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Timing out attempted socket connections

I have some code that opens a socket, sends a message, receives a response, and closes the socket. I need to add a timeout to shut down the socket connection if it takes longer than a specified duration. This code is written in Java, but this is a design question.

Sockets support a read timeout. To see how it works, read about setSoTimeout() in the Javadoc for java.net.Socket, or try man 2 getsockopt on your local Unix machine. All socket implementations provide this same timeout functionality.

Anyway, the way the read timeout works is that you can set how long the socket will wait without receiving data before the connection is automatically terminated. If I open a socket connection with a 5000 millisecond read timeout, and the other end of the connection sends me no data before 5 seconds elapses, the connection will be dropped. In Java, this results in a SocketTimeoutException being thrown.

This timeout is somewhat useful, but only in limited circumstances because the timer only begins once the connection is established (and is automatically restarted as soon as the socket stops receiving data from the other end of the connection). If a network issue prevents the socket connection from completing but doesn’t block the attempt to connect outright, the timeout counter never starts, and the connection just hangs indefinitely. You see this sort of thing happen sometimes when you try to connect to a server via SSH. If there’s a network issue, the connection will hang without being dropped. On the other hand, if you connect and don’t enter your password, the server will drop your connection after awhile due to inactivity. That’s the socket’s read timeout kicking in.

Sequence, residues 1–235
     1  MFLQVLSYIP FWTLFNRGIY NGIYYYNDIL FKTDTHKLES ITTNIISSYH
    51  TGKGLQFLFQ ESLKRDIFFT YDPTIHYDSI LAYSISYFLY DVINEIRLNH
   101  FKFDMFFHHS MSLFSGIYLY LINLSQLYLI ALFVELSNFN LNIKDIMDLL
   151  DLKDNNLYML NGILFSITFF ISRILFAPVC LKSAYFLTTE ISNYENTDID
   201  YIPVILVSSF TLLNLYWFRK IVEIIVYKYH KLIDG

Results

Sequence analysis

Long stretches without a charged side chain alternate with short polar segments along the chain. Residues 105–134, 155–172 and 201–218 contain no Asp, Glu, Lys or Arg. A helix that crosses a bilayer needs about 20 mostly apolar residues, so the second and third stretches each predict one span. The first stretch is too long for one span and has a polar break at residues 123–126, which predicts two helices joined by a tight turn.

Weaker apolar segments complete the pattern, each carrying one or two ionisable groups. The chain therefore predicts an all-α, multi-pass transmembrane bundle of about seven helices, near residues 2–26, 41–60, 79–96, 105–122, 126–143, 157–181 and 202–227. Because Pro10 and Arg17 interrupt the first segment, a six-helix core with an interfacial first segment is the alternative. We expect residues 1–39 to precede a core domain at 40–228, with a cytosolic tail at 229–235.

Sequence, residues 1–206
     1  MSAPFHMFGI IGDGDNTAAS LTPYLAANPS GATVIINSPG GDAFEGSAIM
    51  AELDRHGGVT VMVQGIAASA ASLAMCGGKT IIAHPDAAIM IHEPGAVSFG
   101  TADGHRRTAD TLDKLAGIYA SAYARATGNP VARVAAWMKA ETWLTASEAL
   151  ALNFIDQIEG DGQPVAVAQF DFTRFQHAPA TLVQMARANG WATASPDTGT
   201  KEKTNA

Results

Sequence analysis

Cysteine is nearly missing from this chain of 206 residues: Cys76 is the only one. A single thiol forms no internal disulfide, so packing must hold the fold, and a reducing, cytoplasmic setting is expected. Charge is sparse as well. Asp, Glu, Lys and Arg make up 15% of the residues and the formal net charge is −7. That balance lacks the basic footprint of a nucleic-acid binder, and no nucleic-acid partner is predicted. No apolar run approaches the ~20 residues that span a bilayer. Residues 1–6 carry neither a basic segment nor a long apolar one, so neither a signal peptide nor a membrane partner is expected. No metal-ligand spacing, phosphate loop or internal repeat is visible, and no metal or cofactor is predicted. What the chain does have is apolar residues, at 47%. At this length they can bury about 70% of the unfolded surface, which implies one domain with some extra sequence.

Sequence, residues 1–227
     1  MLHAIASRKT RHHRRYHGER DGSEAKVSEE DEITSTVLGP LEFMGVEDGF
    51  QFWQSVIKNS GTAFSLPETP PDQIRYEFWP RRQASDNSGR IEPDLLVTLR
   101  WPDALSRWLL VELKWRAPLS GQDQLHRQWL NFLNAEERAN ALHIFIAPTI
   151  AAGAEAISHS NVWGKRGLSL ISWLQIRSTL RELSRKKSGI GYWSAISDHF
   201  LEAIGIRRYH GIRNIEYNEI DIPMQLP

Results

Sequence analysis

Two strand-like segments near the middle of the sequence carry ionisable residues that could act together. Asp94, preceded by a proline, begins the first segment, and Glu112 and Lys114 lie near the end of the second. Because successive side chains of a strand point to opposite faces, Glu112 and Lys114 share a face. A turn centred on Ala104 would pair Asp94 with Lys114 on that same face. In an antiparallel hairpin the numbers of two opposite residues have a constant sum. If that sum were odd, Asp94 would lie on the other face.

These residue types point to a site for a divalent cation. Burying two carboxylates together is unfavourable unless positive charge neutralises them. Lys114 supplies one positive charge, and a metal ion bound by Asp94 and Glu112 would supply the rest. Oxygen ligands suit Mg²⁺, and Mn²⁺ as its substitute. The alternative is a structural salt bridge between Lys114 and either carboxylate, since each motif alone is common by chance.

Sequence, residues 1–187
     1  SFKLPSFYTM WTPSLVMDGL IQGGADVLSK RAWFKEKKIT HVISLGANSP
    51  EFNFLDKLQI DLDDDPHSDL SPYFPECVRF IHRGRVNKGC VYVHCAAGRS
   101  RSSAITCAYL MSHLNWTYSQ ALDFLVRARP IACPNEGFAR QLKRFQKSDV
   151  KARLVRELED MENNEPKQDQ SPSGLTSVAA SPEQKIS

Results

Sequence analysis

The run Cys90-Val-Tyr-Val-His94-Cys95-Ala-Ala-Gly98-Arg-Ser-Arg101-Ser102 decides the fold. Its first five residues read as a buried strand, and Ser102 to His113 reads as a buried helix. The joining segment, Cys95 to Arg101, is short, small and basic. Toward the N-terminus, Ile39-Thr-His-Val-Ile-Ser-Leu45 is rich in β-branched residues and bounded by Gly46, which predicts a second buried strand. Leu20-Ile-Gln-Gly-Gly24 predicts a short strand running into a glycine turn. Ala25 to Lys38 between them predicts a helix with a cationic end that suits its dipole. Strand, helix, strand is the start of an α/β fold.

Anyone know the best approach for timing out when you attempt to connect and are unable to do so? I haven’t found any solutions in my research, although I do confess that I have not looked at any of the Stevens books yet.

6 Comments

  1. This is the point where I give up, and don’t use the socket-level options.

    Write a wrapper class as a gateway for all your network access needs, using your own timers. j.u.Timer and j.u.concurrent are your new friends.

  2. “I have some code that opens a socket, sends a message, receives a response, and closes the socket.”

    Isn’t that a prime description of what RFC 2616, aka HTTP, does? So why not just use HTTP?

  3. I don’t use HTTP because the end point is not an HTTP service, it’s a socket you can connect to. (If both ends of the connection were under my control, I’d use HTTP.)

    That said, you run into exactly the same problem with most HTTP libraries. If the connection fails to complete, they don’t time out. I expect that’s because most HTTP libraries use the socket read timeout feature built into the network libraries they use.

  4. Threading to the rescue!

    *) The thread has to connect before a certain amount of time and then indicate that it is “okay” upon success.

    *) If the “okay notification” is not received in time, the thread is killed.

    *) Otherwise it is allowed to live, for now. Maybe. 🙂

  5. Am I wrong to worry about overhead when creating these threads?

  6. I believe that java NIO is the “correct” way to do this, although you might not want to invest in learning it if this is a small non-recurring problem. I’d solve it using 2 threads and non-blocking sockets [selector.select(TIMEOUT)].

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